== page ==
Why You Should Experiment with Your Hair at Least Once

 Hair. I have a strange relationship with my hair. If you’re like me, then you also feel a deep emotional attachment to your hair. My day usually goes well if my hair also happens to look great. My bangs swoop in just the right direction and my curls bounce all day long. My hair journey is long and complicated and to be totally honest, I wish it weren’t. I wish I could write how you should love yourself no matter the state of your hair, but that just isn’t true. For a lot of women (and men) their hair is important to their emotional well-being. Humans are just wired to want to impress other humans with their silky locks. 

So when I got bangs last October I was really scared. My hair grows slowly, and I worried if I ended up regretting the cut, I’d be forced to pin my hair to the sides of my head for the next five months. Luckily, my leap off the deep end didn’t result in a crash and burn. I ended up loving my bangs! So much so that I have continued to cut them again and again months later. It took awhile, but I think I’ve finally learned how to style them. 

It’s taken over two years for me to learn how to properly care for my hair. From starting sulfate-free shampoo and conditioner to oiling my hair, I think I’ve finally found products and routines that work. Since childhood, bouncy natural curls have been my go to. A simple shower in the morning reset my hair and brought back to life all its unique twists.

But I lost my natural curl almost two years ago after going on a prescription medication. It’s common, the side effects online warned of it. I think I lost a bit of myself the day my hair stopped curling, and maybe that sounds ridiculous. Why should anyone care about their hair that much? But in all honesty, everyone always complimented my hair. Aunts would come behind me and run their fingers through my curls commenting on their beauty. Friends at school raved about how easy my hair must be to style. I never touched my hair with heat products until I lost my curls. I didn’t know heat damage was a thing until I did it to my own hair. I lost the part of myself everyone complimented me the most on. Now my hair laid flat and lifeless against my head.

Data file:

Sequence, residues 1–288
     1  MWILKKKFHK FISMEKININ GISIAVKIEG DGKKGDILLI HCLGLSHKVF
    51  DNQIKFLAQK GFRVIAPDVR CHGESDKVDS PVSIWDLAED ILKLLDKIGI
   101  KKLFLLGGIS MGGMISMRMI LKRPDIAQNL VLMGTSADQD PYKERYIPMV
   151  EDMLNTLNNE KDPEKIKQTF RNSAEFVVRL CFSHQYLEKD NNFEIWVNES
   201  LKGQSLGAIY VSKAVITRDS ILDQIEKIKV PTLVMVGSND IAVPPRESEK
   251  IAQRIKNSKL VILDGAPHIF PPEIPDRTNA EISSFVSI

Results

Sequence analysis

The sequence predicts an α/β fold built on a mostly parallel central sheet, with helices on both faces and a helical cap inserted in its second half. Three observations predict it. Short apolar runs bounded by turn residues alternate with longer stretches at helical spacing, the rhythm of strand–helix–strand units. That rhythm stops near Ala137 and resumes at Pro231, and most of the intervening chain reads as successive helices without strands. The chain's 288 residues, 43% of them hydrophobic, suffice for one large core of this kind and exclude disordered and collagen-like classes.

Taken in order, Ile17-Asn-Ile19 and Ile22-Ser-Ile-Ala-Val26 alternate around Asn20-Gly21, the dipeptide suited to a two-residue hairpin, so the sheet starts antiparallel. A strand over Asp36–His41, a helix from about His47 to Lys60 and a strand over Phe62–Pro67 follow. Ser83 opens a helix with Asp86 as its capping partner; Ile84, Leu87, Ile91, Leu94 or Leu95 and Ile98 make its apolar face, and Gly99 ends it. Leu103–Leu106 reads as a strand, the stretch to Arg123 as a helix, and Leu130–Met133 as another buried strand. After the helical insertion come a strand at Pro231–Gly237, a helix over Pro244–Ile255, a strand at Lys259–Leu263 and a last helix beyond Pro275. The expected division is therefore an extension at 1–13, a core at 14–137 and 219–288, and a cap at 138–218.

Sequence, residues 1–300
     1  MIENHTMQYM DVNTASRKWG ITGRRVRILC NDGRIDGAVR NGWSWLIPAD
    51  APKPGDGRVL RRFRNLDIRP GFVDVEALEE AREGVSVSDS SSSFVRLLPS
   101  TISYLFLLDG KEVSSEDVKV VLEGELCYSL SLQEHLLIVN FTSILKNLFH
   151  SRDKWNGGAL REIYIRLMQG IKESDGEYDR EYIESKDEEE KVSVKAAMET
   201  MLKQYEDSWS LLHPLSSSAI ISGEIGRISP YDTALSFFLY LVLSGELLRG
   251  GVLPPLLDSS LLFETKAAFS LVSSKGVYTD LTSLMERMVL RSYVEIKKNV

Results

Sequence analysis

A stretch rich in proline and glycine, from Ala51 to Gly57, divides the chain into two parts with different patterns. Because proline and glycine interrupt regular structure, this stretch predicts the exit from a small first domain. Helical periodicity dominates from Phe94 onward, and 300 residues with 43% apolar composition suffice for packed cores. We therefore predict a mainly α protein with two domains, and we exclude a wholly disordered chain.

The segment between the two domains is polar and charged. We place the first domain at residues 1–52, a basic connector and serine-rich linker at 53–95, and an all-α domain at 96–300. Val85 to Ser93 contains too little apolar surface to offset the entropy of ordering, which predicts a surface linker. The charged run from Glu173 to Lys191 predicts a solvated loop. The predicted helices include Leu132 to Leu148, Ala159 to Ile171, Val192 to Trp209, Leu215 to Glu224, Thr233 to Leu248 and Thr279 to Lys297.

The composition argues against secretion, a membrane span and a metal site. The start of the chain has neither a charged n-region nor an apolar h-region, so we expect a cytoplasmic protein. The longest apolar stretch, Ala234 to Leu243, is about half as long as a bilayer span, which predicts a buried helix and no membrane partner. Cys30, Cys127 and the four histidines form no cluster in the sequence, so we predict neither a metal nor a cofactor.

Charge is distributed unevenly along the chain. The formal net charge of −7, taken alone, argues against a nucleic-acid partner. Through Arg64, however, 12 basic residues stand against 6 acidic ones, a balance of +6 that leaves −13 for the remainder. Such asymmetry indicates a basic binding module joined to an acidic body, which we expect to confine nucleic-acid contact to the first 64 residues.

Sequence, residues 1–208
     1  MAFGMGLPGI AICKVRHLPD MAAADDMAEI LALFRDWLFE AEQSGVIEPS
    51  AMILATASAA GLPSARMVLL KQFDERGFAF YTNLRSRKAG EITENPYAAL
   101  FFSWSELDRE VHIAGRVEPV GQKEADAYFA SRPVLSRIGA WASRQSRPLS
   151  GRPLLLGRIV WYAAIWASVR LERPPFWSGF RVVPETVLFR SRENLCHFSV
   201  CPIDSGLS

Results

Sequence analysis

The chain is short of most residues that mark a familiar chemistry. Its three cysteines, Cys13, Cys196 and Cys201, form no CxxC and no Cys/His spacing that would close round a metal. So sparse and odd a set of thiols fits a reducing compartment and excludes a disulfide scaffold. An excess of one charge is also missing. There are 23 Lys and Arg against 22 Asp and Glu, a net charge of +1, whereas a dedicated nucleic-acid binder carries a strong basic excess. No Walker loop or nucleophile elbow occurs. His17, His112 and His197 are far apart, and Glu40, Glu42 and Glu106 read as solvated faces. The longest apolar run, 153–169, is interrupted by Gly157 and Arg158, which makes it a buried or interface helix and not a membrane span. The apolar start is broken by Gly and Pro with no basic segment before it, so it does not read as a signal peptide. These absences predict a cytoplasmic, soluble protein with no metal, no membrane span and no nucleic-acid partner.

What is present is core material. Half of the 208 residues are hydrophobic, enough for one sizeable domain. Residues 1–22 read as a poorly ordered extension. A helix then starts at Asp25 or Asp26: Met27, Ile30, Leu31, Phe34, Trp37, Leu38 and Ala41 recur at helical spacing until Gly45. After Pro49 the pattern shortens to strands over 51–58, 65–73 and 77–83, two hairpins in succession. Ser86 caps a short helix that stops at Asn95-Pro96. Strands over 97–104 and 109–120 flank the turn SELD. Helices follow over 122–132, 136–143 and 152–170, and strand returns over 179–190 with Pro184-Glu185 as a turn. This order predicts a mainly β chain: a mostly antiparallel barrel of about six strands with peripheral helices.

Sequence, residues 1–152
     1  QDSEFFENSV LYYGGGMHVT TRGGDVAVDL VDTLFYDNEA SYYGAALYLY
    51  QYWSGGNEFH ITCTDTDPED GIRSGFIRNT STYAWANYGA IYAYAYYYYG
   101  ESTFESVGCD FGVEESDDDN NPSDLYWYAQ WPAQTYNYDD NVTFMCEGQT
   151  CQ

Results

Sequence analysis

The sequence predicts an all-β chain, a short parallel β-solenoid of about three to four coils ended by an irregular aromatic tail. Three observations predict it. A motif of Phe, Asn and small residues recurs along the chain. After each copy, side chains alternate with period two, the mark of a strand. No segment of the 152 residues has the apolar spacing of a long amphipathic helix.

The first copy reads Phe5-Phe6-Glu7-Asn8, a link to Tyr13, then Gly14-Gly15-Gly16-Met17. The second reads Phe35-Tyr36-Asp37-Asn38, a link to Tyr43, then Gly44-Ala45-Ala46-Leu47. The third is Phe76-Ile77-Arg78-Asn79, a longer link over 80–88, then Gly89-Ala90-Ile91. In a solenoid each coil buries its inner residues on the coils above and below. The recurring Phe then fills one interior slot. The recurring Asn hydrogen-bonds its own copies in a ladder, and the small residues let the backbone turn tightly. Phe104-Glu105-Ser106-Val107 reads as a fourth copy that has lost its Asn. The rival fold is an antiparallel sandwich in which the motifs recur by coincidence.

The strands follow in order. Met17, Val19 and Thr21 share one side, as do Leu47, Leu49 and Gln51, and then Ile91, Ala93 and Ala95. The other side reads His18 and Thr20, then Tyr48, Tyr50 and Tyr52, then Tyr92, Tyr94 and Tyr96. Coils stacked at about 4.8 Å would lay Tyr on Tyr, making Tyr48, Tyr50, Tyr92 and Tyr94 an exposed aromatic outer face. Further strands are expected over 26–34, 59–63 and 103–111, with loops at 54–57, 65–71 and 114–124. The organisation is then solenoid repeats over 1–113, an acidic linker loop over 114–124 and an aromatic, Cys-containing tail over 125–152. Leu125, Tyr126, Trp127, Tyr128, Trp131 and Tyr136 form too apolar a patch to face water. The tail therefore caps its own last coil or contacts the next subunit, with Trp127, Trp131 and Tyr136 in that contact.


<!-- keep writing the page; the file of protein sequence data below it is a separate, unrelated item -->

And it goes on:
My natural hair about a month before it stopped curling.

I had to either straighten or curl my hair with heat every morning. I did it religiously. I switched to sulfate-free shampoo thinking it might revitalize my hair. Nothing worked and my hair only grew weaker and dryer. It broke off leaving thin pieces at the ends. I desperately wanted longer hair like all the beautiful girls I saw online, but the longer my hair grew, the thinner it became. 

My hair after six months of using heat nearly everyday. While it was long, the ends were thin and dry causing large amounts of breakage. 

So I stopped. My freshman year of college I stopped using heat. I started a strict hair routine packed with moisture. I switched to Olaplex (no product placement here, the stuff just works) and began using hair masks twice a week,  sometimes three. My hair was either in braids or in a claw clip. I refused to use heat products until the breakage was under control. I started using a hair serum by the Ordinary to thicken my hair (I have genetically thin hair, there is only so much I can do, but it helps). 

At the end of my freshman year of college, one day after taking a shower, on a whim, I scrunched my hair like I used to when it was curly. I giggled to myself, What good would this do? I would have to just blow dry and place it in a ponytail. To my surprise my curls came back. For the first time in nearly two years my hair bounced and twisted and twirled. I texted my mom a picture, she couldn’t believe it either. I still don’t know why or how my curls came back (anyone with curly hair knows it has a mind of its own). I like to think it was because of the strict hair routine, but I can’t say that for sure. My hair has always operated on its own timeline. But my hair is a million times healthier now. It breaks off less and has a thicker appearance despite cutting bangs. I style my hair with heat about once or twice a week, and I am careful to use good heat protection when I do. 

My curls at the end of freshman year.

This sounds like a lot of work for “just some hair”, right? I mean, why does it matter? I can’t really say why I and so many of my close girlfriends feel such deep connections to our hair. But I will say, losing the piece of myself I loved the most changed me. I learned to evolve with my body. Ok, so my hair doesn’t curl anymore, I will evolve with it. Our bodies change and fluctuate and society often tells us they must stay in one mold for us to be happy. Our hair should be unrealistically silky and flow down to the middle of our back. That isn’t realistic. Our hair, our bodies change. It’s ok to find a lot of joy in the way your body looks but when it decides to change, learn to change with it. Learn to admire something new about your new shape. You will always be you. Your body doesn’t change that. 

It’s ok to want to have beautiful hair and a slim waist. I find a lot of self-confidence in my appearance as well. I do my makeup even when I’m going nowhere, just to feel more confident. All I’m saying is, don’t lose yourself in the process of trying to look a “certain” way. You’re all that you’ve got. Take care of yourself the way you want, not the way you’re told you should

So maybe try cutting bangs or adding highlights. Cut your hair off or add extensions. Try something new and try evolving with your hair. You will unlock a new self-confidence. Your evolution will uncover a deep love for your ever-changing body.

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